Mostly, horse hair forms a waterproof barrier for sudden showers and drizzle. Especially in the warm season, a horse’s coat is more than enough to survive a night outside. But do horses need rugs in rain during every other season? The answer is a resounding yes.
Horses vs Rain and Bad Weather
On balance, the horse is a resistant species. Even at low temperatures, the thick hairs of the mane keep the body warm. However, during winter, every equestrian should take some precautions to better care for their horse(s).
Based on the breed, age, and health of the animal, paying attention to the climate and bad weather is crucial. Also, by fulfilling the animal’s needs in the coldest periods, the quality of life improves.
For one thing, horses must have access to shelters to protect themselves from wind, rain, and snow. Then, horse owners can fall back on a plethora of tools for the ever-changing situation. Including several types of rugs and accessories.
At What Temperature Does Your Horse Start to Get Cold?
Of course, when it rains, the horse’s temperature can drop significantly. Sometimes, a rug is vital to the wellbeing of the animal. As with therapeutic horse rugs, made for horses going through muscle recovery.
Compared to humans, horses have a higher body temperature. In short, they are more resistant to cold. But their natural resistance varies according to their habits and general lifestyle. What is certain is that they consume much more calories to protect themselves from low temperatures.
Here are a few pointers to know when and how to intervene to protect them:
- Between 50 F and 41 F (10� C and 5� C), it is a sustainable ambient temperature. Usually, horses feel cool and relaxed.
- Between 40 F and 21 F (4 C and -6� C), horses start to get cold.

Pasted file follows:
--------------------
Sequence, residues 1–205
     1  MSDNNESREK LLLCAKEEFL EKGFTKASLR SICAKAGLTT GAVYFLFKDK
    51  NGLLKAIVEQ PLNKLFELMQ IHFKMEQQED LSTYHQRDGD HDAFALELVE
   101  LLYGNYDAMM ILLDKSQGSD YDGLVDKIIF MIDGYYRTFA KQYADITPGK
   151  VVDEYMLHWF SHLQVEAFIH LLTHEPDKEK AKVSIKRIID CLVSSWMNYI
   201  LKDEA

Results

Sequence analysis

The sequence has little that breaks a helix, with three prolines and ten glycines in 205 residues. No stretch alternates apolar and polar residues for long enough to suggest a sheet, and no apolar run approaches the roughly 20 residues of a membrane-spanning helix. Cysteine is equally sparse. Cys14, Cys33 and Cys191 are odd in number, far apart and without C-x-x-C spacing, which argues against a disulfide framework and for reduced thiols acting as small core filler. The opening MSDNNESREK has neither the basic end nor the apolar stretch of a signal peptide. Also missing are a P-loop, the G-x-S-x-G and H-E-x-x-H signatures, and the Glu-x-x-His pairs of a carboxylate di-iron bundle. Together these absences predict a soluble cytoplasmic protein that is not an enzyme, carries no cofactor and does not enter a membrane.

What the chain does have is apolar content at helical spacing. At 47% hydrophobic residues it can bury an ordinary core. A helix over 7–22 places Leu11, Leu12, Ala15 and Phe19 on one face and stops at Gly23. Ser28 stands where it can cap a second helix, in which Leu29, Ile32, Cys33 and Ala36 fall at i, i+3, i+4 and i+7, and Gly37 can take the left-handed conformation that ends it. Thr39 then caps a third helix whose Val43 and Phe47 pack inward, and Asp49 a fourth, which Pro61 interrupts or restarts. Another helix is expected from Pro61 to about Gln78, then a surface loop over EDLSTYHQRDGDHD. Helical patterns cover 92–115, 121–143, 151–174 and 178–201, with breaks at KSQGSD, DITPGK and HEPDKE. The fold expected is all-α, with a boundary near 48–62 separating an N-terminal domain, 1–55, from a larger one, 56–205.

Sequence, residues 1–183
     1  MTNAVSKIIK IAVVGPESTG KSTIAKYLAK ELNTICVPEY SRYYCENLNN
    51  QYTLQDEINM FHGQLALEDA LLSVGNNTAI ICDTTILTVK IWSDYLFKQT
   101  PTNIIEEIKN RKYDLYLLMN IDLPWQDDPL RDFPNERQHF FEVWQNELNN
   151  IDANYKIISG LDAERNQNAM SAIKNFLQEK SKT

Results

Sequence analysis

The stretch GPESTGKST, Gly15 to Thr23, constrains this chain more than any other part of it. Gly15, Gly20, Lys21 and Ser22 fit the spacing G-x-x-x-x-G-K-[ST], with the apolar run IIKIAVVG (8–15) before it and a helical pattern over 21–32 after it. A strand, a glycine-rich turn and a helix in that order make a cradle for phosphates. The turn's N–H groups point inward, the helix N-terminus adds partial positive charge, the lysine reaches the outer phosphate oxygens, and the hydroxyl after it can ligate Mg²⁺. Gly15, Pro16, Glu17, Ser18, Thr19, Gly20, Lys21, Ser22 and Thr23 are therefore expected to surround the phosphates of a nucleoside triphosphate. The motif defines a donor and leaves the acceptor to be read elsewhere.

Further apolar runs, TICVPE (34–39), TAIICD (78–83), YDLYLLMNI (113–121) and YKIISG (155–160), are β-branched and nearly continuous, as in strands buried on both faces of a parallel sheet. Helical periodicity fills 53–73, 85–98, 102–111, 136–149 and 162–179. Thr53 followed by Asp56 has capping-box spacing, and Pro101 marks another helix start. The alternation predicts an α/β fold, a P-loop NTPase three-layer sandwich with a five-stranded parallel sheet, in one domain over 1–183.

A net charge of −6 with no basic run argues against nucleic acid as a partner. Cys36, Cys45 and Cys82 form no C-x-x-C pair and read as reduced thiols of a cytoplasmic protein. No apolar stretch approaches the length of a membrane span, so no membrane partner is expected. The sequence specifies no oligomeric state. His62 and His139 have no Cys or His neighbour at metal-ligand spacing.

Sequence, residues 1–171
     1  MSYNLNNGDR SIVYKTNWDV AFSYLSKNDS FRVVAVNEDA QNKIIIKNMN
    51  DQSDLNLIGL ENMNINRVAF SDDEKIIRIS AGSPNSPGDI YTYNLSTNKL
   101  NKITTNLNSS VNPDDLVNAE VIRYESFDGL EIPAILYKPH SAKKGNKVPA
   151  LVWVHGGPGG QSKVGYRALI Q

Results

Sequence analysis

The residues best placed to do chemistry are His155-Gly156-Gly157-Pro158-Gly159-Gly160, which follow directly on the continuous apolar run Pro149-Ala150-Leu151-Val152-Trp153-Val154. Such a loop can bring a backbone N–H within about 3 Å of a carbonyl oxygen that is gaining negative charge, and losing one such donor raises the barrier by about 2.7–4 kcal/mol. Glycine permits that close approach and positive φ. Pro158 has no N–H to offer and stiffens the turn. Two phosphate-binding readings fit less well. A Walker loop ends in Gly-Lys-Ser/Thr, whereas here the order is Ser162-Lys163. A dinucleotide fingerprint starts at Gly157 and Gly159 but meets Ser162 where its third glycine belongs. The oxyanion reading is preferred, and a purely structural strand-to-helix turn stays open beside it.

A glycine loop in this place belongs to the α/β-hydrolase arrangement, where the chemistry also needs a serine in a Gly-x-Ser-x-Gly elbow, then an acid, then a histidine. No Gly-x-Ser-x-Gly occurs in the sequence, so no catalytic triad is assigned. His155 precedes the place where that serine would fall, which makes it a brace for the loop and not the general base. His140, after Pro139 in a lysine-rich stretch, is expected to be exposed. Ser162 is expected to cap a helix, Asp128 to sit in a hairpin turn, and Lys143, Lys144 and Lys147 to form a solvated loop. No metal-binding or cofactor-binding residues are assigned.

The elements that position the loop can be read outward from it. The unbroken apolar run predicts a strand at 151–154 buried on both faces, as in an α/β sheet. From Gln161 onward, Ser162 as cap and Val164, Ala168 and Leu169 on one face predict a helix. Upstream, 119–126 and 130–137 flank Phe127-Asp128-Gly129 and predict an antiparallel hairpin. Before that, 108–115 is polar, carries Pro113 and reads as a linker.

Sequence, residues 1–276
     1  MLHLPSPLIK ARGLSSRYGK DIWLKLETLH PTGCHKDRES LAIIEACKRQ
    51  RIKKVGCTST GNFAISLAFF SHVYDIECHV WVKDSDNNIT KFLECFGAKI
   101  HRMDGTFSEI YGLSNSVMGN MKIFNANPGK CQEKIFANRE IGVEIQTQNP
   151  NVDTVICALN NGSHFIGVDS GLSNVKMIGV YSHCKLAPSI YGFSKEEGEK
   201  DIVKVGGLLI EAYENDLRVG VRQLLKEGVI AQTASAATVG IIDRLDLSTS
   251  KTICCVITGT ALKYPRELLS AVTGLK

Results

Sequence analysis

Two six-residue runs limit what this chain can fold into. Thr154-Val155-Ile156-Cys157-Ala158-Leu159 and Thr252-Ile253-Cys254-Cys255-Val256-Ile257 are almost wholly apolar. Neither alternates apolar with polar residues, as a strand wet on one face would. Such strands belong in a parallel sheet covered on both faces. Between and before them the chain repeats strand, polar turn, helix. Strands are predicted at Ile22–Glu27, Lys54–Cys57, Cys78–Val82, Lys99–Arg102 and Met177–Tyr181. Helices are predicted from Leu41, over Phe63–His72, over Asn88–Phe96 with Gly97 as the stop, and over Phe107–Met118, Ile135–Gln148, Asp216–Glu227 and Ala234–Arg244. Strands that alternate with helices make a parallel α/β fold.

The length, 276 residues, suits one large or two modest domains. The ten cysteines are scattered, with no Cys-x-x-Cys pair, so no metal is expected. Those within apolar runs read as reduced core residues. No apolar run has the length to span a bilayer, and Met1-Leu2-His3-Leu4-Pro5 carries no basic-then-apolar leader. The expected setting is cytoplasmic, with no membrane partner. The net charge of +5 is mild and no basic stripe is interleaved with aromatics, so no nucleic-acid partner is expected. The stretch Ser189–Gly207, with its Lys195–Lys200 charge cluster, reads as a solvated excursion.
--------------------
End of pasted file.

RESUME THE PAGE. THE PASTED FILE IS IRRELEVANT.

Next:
- Between -20 F and 1 F (-7� C and -17� C), it is too cold for them.
These temperatures do not consider the degree of humidity. But, you should take it into account as it alters the perception of cold. Mostly, to prevent diseases that affect the respiratory system.
Should You Rug Your Horse?
Surely, you should rug the most delicate and elderly specimens of your horses. Both at night and during the day, the horse rug is recommended when temperatures are close to freezing. Even if it does not rain. To help, a wide range of rugs suitable for different weather conditions are available.
It is also useful to remember that you can find different rug models. Mainly, stable and turnout rugs.
Stable rugs are not waterproof. As such, they are not suitable for outdoor activities. Instead, they are like comfy blankets for stalled horses. Especially for those that have been shorn or for elderly or sick horses that need to stay warm.
Generally, turnout rugs are more durable and waterproof. They ensure good thermal insulation for the animal. Moreover, in case of rain, a turnout rug keep the horse warm and dry in delicate parts, such as the kidneys.
Responsible rugging tips for raining days
Here are sensible tips to rug your horse correctly every single time:
- Only put the blanket on a clean and dry horse coat. Also, grooming is essential to choose the right rug for the season.
- Use the most suitable rug for the current situation. For instance, a heavy, non-water repellent rug on a horse in the paddock will do more harm than good.
- Always take into consideration the weight of the rug. If a rug makes the horse sweat, it is not the right one.
- Remember to remove the rug when the rain stops. Then, proceed to groom the horse by hand to remove any dirt or leaves.
- Bring a second rug with you on longer trips. In case of heavy rain, find shelter. Next, change the rug with the dry one.
Do horses need rugs in rain? Yes. But some factors may lead you to consider the best option for the day. As a rule of thumb, your horse should never sweat while wearing a rug at rest. Things change when the horse is outside, running in the rain. In this case, previous or potential health problems should guide your next move. For a more accurate assessment, a thermometer may come in handy to measure the environmental and the horse’s temperature.